Researchers who study populations are now saying that the 3-5 a day that is recommended is not enough if our goal is to be healthy and vital for the duration of our lives. They are now recommending 10 servings a day of fruits and vegetables. The populations who regularly consume this much are the ones who have the least risk of disease and live the healthiest into their elder years. While the industrialized nations have looked to science and technology for sustaining life, those in traditional, poorer cultures have maintained what we long for by consuming abundant produce. Once you get past the challenge of clean water, proper sewage and the immediate dangers of war, the key to a long, happy life is community and a diet rich in vegetables.

A study published in 2010 demonstrated that just 4-6 servings of produce reduced your risk of stroke by 32%! So if you get your 5 a day, as recommended by the USDA, you are doing very well! You are making a definite impact in your quality of life, and probably feel that benefit. These same researchers also looked at folks who consume 6 or more servings of produce daily. Their stroke risk was reduced by 69% over those who consumed less than 3 servings a day. There’s similar, consistent evidence for vegetables preventing 9 of the top 10 causes of death in the United States (the exception being unintentional accidents). The more produce we consume, the less chances we’ll die from Alzheimer’s, heart disease, stroke, chronic lung disease, kidney disease, cancer, diabetes, even pneumonia and suicide. The research is there.

None of us know how much time we have on the planet. I want as many years as possible to be vital, mobile, alert, and pain-free. The diseases that knock out most of us are expensive, chronic, and take decades to finally kill us off. Those last 15-30 years are not easy ones….and the new generation is being diagnosed with some of these diseases (like type 2 Diabetes) before they are even old enough to vote. I’d rather avoid such diseases altogether, and like my great-grandmother, remain active and engaged in my community until mere months before I pass.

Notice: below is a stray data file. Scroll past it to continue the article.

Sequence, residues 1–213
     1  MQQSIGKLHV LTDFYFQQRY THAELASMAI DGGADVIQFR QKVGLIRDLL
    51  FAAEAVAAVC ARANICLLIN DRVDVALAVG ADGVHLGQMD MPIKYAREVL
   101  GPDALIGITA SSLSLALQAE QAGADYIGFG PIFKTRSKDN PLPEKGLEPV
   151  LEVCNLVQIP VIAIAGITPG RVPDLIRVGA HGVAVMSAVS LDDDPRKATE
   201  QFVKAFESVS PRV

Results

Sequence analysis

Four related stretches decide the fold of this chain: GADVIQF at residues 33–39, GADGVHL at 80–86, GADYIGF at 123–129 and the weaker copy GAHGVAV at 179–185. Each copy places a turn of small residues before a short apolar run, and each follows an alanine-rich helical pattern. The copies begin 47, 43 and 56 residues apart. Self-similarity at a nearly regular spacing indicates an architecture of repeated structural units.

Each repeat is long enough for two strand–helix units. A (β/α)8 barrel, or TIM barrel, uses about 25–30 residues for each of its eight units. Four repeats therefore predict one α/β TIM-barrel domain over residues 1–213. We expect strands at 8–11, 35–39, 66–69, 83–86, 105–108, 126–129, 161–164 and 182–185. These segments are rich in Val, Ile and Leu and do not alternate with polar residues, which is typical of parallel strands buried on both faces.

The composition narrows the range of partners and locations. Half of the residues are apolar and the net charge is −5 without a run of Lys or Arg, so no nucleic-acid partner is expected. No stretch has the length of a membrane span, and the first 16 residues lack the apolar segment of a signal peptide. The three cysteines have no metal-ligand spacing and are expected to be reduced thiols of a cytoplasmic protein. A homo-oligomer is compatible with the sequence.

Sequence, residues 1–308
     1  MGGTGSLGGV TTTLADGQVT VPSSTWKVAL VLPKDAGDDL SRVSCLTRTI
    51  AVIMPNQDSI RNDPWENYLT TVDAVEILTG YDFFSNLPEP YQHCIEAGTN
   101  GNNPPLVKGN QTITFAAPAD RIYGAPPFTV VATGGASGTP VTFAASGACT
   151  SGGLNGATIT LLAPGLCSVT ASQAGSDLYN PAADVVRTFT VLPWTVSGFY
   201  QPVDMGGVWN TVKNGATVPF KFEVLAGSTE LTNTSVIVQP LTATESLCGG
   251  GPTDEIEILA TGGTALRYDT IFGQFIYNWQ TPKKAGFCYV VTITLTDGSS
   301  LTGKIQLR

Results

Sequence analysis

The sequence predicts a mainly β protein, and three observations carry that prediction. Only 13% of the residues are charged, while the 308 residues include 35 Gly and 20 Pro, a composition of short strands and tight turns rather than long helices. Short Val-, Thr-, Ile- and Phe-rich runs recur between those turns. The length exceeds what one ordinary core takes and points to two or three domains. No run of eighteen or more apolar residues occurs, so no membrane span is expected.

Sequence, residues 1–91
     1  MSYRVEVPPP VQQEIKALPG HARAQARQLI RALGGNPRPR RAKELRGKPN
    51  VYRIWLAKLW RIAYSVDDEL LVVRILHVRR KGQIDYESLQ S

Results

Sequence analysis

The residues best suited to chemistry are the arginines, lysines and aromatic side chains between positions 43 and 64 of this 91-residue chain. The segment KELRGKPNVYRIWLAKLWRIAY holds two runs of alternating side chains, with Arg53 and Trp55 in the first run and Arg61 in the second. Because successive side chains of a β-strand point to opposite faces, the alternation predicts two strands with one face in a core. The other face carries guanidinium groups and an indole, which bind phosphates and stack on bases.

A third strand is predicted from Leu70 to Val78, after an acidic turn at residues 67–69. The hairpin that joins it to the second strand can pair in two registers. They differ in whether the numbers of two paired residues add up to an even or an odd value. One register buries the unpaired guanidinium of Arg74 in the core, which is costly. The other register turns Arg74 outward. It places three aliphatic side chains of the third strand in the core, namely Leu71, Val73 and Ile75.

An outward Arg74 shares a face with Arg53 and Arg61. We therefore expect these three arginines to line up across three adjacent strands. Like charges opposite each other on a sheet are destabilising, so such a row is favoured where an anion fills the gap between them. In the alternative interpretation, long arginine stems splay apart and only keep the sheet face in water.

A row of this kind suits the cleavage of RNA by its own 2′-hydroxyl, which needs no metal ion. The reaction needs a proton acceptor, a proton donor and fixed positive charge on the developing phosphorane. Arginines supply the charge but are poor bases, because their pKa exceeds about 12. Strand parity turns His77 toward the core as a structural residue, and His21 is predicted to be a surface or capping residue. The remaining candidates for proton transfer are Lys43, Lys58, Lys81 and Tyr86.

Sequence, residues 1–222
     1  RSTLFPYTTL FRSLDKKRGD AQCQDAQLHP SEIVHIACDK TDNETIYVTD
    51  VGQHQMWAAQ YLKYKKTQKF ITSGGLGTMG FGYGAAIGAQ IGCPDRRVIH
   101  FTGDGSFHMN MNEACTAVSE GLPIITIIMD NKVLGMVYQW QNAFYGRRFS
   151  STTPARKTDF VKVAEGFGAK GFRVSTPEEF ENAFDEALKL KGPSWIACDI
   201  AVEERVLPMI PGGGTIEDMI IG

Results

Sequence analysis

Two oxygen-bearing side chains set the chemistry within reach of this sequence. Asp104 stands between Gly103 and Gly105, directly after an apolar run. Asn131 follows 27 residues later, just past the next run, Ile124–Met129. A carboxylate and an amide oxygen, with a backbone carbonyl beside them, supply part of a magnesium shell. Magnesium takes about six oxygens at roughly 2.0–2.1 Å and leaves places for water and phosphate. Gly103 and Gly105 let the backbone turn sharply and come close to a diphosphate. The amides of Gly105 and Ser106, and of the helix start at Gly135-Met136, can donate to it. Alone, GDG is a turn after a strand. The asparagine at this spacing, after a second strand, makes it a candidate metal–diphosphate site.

Do I get 10 servings of vegetables a day? Sometimes. When I am aiming to, I reliably get between 7 and 10 servings. When I get caught up in life I get about 4-6. However, before I committed to seeking out 10 a day getting caught up in life meant I only managed 1-2 servings in a day. The difference I personally feel maintaining a minimum of 4-6 instead of 1-2 is remarkable. My clients express the same outcome. It shows up differently for different people – most of us find our digestion to be more regular and, dare I say it, delightful. Some also get the added benefit of improved moods and better energy. Some find chronic pain disappears. Others are able to come off blood pressure meds and find their blood sugar back within normal limits. One of the adventures of taking people on a journey to increase their veggies is that we don’t know what the outcome will be – only that it will be good. It’s a fun trip to take!

 

Regardless of whether you ascribe to a vegan, paleo, Mediterranean or even ketogenic diet, you need an abundant of produce to thrive. And nearly all dietary modalities attributed to reversing chronic disease, such as heart disease or multiple sclerosis, have their root in a diet high in produce. Vegetables provide antioxidants that protect cells from pollution as well as the wear and tear of daily life. They provide fiber to help regulate bowels and feed the beneficial bacteria that produce certain vitamins as well as help regulate the immune system, mood, and maintain healthy cholesterol levels.

 

 

Park, Y. (2010). Intakes of vegetables and related nutrients such as vitamin B complex, potassium, and calcium, are negatively correlated with risk of stroke in KoreaNutrition research and practice4(4), 303-310.

Aune, D., Giovannucci, E., Boffetta, P., Fadnes, L. T., Keum, N., Norat, T., … & Tonstad, S. (2017). Fruit and vegetable intake and the risk of cardiovascular disease, total cancer and all-cause mortality—a systematic review and dose-response meta-analysis of prospective studiesInternational journal of epidemiology46(3), 1029-1056.